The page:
Review Summary: A shiny textbook tech death album
There are a countless number of excellent bands in all genres that release consistently excellent albums one after another, but usually something holds these albums back from being truly phenomenal. Sometimes it’s the production; sometimes it’s a hiccup in songwriting ability; other times they might’ve just forgotten what made them good in the first place. But every once in a while comes a band that gets everything right with one album – perfect production, superb songwriting, and a thoroughly impressive statement in whatever genre it may be, and in the world of technical death metal that’s exactly what Odious Mortem achieved with their 2007 release Cryptic Implosion
Technical death metal isn’t the most accessible of genres to begin with; blisteringly fast riffs and blast beats topped off with low guttural vocals, but Odious Mortem managed to take these stereotypes to the next level on Cryptic Implosion
. The impeccably fast riffs have defined melody, something their debut lacked, and the drum work as a whole is absolutely jaw dropping. He does fills in all the right places without sounding too overbearing and ultimately follows and compliments the guitar work to a T (e.g. ‘Nux Vomica’s stop-and-start bridge section). Oddly enough the bass has its time to shine as well, which is pretty rare in a death metal if your bassist isn’t Steve DiGiorgio. Track-pick ‘Domain in the Eternal Paradox’ has a morose bass break near the end which leads into a passage of wonderfully eerie and intertwining melodic guitar leads, taking you away from the brutality for a few moments before slowly fading out into nothing.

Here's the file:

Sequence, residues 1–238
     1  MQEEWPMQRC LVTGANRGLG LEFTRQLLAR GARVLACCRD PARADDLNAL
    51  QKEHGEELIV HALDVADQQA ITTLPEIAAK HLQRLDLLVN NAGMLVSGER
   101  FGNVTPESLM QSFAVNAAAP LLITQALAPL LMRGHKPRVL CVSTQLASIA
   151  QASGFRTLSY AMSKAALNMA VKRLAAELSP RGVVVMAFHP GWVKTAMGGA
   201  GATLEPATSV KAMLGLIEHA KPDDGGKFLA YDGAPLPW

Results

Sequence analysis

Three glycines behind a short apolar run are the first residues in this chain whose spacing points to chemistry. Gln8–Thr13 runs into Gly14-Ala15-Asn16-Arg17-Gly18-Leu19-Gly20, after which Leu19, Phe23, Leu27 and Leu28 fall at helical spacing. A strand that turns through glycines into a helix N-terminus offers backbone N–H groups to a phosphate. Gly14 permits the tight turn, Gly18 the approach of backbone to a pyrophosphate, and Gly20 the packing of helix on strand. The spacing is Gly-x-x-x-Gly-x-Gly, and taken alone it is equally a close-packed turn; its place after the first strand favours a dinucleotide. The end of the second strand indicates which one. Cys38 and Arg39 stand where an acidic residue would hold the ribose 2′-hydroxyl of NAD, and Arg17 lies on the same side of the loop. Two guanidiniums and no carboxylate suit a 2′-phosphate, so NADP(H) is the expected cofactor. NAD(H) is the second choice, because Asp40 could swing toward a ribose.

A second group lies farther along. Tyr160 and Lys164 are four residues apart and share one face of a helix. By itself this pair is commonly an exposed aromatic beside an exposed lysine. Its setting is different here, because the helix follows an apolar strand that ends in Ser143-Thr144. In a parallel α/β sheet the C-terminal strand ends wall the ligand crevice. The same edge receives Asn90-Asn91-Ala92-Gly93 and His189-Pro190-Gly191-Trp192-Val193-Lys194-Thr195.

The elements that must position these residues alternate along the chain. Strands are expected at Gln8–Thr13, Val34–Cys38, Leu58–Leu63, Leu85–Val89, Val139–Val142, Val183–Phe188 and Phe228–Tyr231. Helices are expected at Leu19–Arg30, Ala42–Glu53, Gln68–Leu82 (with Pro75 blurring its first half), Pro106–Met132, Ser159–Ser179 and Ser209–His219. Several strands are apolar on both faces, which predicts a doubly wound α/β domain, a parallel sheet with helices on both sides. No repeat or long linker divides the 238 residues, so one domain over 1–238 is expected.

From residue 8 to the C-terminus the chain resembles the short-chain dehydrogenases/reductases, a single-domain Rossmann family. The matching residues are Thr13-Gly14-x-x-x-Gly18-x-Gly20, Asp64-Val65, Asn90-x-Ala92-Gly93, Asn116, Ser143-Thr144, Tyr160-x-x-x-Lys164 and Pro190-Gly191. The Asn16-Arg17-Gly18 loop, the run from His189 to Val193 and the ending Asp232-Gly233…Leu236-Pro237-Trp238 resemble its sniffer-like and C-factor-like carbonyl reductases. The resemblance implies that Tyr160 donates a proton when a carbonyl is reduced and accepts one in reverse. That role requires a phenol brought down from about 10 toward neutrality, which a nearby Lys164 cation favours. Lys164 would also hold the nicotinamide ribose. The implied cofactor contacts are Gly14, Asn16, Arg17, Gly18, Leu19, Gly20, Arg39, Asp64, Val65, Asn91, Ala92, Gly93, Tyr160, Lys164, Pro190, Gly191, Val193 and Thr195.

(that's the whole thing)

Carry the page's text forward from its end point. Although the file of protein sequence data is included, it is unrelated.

If there’s anything negative I could say about Cryptic Implosion
, it would be that it’s almost too much of the same. On their own, any track on this album can hold its own against Cryptopsy's and Suffocation's best work, but viewing the album as one piece of music can be quite overwhelming to some. The tracks tend to bleed into each other, and since they’re all so
the time, with the exception of ‘Domain in the Eternal Paradox’s outro, it can be a challenge to sit through the whole thing in one sitting. Thankfully at only 35 minutes, Cryptic Implosion
never overstays its welcome, and for all the death metal veterans out there, the consistency with each song shouldn’t be an issue. In fact its this consistency and technical proficiency in Cryptic Implosion
that epitomizes everything tech death should be, and it ultimately shows that in the grand scheme of things, Odious Mortem are not to be fucked with.
- Fragmented Oblivion
- The Endless Regression of Mind
- Domain of the Eternal Paradox